This report explores the fundamental question of how successful integration and immigrant social mobility is in Europe and North America. The authors examine the economic performance and rate of labor market assimilation for first and second generation immigrants, and outline what policymakers can do to promote the social mobility and integration of immigrants and their children.
MPI's symposium on citizenship examined immigrant civic and political participation, the notion of local voting rights for noncitizens, the concept and practice of dual citizenship, and the role of citizenship in immigrant integration.
This book reflects the effort of the Transatlantic Council on Migration to map how profound demographic change is likely to affect the size and character of global migration flows; and how governments can shape immigration policy in a world increasingly attuned to the hunt for talent.
As with an increasing number of other complex issues, policymakers engaged in immigration reforms must be acutely attuned and responsive to public opinion and media representation of immigration.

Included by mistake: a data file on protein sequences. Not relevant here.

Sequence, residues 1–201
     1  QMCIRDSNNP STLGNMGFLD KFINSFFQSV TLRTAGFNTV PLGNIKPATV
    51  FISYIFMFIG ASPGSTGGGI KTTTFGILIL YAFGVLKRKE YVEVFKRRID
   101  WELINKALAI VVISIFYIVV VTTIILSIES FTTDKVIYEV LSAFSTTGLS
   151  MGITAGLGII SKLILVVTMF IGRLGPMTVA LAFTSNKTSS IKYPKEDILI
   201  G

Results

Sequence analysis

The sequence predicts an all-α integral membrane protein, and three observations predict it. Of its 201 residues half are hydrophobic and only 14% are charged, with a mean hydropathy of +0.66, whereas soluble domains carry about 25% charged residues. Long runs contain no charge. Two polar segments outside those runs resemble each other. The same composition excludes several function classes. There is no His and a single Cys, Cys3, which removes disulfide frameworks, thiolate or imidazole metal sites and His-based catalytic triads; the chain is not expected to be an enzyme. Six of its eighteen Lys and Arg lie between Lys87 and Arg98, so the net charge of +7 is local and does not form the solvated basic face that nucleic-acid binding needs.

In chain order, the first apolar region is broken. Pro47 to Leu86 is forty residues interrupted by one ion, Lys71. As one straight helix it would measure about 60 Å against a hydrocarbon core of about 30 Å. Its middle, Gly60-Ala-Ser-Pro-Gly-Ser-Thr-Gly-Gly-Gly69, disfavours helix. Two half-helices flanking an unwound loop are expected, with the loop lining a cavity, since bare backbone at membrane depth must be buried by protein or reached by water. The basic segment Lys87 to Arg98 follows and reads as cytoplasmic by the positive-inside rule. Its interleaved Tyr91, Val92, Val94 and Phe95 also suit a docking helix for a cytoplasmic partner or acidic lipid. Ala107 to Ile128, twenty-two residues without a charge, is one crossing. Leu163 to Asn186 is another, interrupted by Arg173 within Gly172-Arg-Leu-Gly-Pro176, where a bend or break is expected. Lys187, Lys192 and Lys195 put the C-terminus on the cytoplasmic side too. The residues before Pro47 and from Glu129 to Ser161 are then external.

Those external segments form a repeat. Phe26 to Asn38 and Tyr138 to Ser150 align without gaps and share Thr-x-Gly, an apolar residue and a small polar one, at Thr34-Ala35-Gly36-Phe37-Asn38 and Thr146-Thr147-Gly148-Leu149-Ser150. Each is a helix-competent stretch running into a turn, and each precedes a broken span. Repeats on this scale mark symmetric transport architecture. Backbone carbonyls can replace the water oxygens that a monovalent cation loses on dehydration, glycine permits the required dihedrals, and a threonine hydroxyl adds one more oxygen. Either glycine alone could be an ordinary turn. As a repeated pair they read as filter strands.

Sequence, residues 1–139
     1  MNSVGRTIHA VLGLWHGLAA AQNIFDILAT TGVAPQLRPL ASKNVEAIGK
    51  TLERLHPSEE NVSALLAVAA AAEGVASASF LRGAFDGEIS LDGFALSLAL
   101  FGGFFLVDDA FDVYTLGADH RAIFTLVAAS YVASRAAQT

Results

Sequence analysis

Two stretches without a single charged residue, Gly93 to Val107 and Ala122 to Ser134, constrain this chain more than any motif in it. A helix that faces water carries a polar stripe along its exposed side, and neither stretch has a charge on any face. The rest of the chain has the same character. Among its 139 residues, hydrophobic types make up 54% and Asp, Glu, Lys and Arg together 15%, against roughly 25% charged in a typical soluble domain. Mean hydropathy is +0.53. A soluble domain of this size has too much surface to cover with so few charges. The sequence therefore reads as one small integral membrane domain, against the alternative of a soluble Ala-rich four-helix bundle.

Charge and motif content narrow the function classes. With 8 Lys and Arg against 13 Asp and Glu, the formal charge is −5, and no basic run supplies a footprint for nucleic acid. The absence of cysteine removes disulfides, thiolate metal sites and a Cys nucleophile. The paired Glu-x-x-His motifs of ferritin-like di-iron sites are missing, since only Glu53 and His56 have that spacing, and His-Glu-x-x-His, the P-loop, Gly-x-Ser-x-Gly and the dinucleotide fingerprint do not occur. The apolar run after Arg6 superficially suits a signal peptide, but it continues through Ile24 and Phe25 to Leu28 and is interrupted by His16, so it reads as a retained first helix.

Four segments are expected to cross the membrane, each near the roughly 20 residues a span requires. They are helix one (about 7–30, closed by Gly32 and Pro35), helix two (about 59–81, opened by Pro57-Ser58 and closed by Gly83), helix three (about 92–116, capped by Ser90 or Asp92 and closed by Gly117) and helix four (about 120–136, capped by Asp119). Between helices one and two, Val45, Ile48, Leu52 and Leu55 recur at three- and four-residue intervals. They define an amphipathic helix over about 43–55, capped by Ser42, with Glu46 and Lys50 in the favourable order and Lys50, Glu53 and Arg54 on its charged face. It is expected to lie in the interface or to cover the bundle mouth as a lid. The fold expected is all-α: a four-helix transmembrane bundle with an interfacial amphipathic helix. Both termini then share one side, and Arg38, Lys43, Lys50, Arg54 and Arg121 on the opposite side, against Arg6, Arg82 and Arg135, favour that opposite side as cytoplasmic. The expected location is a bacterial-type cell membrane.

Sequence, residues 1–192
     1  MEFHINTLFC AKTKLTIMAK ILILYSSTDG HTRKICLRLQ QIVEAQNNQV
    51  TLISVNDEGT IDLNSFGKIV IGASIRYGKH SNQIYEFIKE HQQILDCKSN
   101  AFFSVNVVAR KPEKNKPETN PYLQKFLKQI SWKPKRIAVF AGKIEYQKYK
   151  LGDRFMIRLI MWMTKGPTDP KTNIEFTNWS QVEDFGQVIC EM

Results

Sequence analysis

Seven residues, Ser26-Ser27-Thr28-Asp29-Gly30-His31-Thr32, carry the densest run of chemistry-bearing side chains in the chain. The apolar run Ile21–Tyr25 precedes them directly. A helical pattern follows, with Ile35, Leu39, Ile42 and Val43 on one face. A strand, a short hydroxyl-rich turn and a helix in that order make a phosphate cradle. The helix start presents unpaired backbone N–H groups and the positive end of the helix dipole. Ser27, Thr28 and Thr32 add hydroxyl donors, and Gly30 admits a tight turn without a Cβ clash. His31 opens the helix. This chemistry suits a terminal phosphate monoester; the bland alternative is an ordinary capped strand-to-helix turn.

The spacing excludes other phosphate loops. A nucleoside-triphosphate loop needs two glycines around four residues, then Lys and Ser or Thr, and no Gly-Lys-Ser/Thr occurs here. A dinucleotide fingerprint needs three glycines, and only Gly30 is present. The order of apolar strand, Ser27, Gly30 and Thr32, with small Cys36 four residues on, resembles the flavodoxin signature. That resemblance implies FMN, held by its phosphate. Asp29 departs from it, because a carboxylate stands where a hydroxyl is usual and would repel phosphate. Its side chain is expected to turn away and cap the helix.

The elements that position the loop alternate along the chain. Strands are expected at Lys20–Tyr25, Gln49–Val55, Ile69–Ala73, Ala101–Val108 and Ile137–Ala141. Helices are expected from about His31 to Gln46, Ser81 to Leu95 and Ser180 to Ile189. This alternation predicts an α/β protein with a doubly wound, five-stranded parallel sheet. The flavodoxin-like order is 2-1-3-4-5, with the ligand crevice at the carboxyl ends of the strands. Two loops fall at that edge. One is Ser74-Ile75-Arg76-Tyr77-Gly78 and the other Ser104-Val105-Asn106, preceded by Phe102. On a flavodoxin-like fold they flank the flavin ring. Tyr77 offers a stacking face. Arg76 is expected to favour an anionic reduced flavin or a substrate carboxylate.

“Good integration” happens every day in different areas around the country, either as a unified response to a tragic event, in the private sphere, or in the successful performance of some ethnic minorities in education and employment.Yet, in some respects, communities are moving apart, pulled or sometimes pushed, by their own choices.
This book offers insights into key aspects of the citizenship debate from a policy perspective. It is a result of the deliberations and thinking of the Transatlantic Council on Migration, which brings together leading political figures, policymakers and innovative thinkers from the U.S. and Europe.
Public opinion supports the view that immigrants take natives’ jobs and reduce their wages, but most economists disagree. Although basic laws of supply and demand suggest that immigration could reduce wages by increasing the supply of workers, in reality the actual impact of immigration is likely to be small, especially in the long run.
This paper intends to provide a baseline of evidence for policymakers seeking to calibrate their immigration policy responses to the economic downturn, with a focus on the UK.